Anyone who has ever dealt with the grips of addiction knows how destructive the effects it has on a person’s life. Substance abuse disrupts all areas of your life including relationships, finances, mental and physical health, and sleep is no exception. Sleep problems are very common among people who suffer from addiction. Poor sleep habits not only occur while you are using drugs, but it also occurs during withdrawal and even months or years into a person’s recovery. According to SAMHSA:
The types of sleep problems vary by substance used and can include insomnia, sleep latency (the time it takes to fall asleep), disturbances in sleep cycles and sleep continuity, or hypersomnia (excessive daytime sleepiness).
Getting enough sleep is important for staying sober because you’ll feel much better if you have enough rest. It’s also a good indicator of practicing self-care and giving your body the energy it needs to function every day.
Find Out Which Sleep Disorder You’re Experiencing
It is first important to know what sleep disorder could be ailing you before you can find the proper techniques to fix it. Fortunately, just as you can recover from addiction, you can also recover from poor sleep habits and sleep disorders. These sleep disorders can include:
- Insomnia: regular difficulty falling asleep or staying asleep, and it is very common in both addiction and recovery.
- Hypersomnia: excessive sleepiness or frequent oversleeping.
- Parasomnia: includes sleep behaviors like sleepwalking or nightmares.
- Sleep apnea: a breathing disorder where a person momentarily stops breathing during sleep.
- Restless leg syndrome: when an individual experiences an uncomfortable sensation in the lower limbs, that can only be remedied by moving them.
Sleep Habits During Withdrawal
Sleep habits can have very serious effects on the physical, emotional, and mental state of people in recovery and can also have a negative impact on people in substance abuse treatment. Persistent sleep complaints during and after withdrawal are associated with relapse and play a very important role in a healthy recovery. It’s important to talk to a healthcare provider on what you should be doing regarding the following:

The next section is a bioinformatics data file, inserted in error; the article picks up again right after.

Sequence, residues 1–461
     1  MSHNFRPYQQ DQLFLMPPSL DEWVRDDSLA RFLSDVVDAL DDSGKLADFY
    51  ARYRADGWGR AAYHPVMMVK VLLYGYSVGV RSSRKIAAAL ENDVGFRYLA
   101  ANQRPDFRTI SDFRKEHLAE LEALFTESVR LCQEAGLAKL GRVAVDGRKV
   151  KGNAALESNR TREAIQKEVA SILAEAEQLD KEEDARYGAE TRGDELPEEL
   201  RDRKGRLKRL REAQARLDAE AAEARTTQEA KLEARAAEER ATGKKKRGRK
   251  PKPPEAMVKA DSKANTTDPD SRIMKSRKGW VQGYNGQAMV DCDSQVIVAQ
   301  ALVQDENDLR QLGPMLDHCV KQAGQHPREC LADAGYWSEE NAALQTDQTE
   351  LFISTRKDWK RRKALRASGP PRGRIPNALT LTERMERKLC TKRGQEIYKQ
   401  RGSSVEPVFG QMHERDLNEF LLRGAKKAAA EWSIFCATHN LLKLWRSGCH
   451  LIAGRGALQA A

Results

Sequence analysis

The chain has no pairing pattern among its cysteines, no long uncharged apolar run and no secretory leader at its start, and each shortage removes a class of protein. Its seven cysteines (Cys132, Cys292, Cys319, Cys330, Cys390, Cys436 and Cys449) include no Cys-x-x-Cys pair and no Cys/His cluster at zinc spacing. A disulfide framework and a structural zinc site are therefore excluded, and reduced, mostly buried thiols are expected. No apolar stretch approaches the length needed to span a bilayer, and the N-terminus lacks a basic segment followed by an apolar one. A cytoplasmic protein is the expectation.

- Ask questions about your difficulty falling asleep and your current sleep habits, including how much you sleep, how restful you get to sleep, excessive daytime sleepiness, or other problems you might have.
- Determine if any medications you use for substance abuse treatment and whether your sleep problems could be side effects of those medications.
- Rule out any other causes like stress.
- Keep a log of your sleep habits.
Tips for Improving Sleep Habits in Early Recovery
One of the best things you can do in early recovery to alleviate stress is to have a good night’s sleep, but that’s not always easily done. There are many techniques and treatments you can try to improve your sleep habits including:
- Getting help from others. It’s helpful to try opening up and talking to someone about what you need help with. This can include peers, a support group, or a therapist.
- Cognitive Behavioral Therapy. A psychotherapy system that helps the patient recognize negative behavioral patterns contributing to their problem.
- Good sleep hygiene. Do things like following a regular sleep schedule, keeping your room a sleep mindful environment, avoid caffeine later in the day, and turning off electronics before bed.
- Follow a regular sleep schedule by sticking to the same time you wake and get ready to sleep each day.
- Bright light therapy involves sitting in front of an artificial light box that mimics the strength of sunlight. Exposure to light can offset fatigue. You can also do this by spending more time outside in the sunlight.
- Exercising to get out excess energy and tire, you’re your body in preparation for sleep.
- Healthy diet by avoiding heavy meals before bed and overall eating healthier.
- Manage stress and anxiety by using tricks like mindful meditation. This puts you in a state of restful, present-moment alertness, which reduces stress.
The best and safest option to getting a jumpstart of your addiction and all of the effects associated with it is by the use of one of the many treatment programs we offer at Recreate. We offer partial care and outpatient treatment programs that provide therapeutic education and guidance for each individual in order to help them reintegrate into society in a step-down process. With the help of our team of therapists, we offer one on one, group therapy, as well as many other specialized options to fit each person’s needs.
Addiction and the baggage that comes with it isn’t an easy thing to face. Luckily you do not have to face it on your own. Our admissions counselors and addiction professionals are available around the clock. We are ready to help you or a loved one overcome the disease of addiction. Let us help you change your life!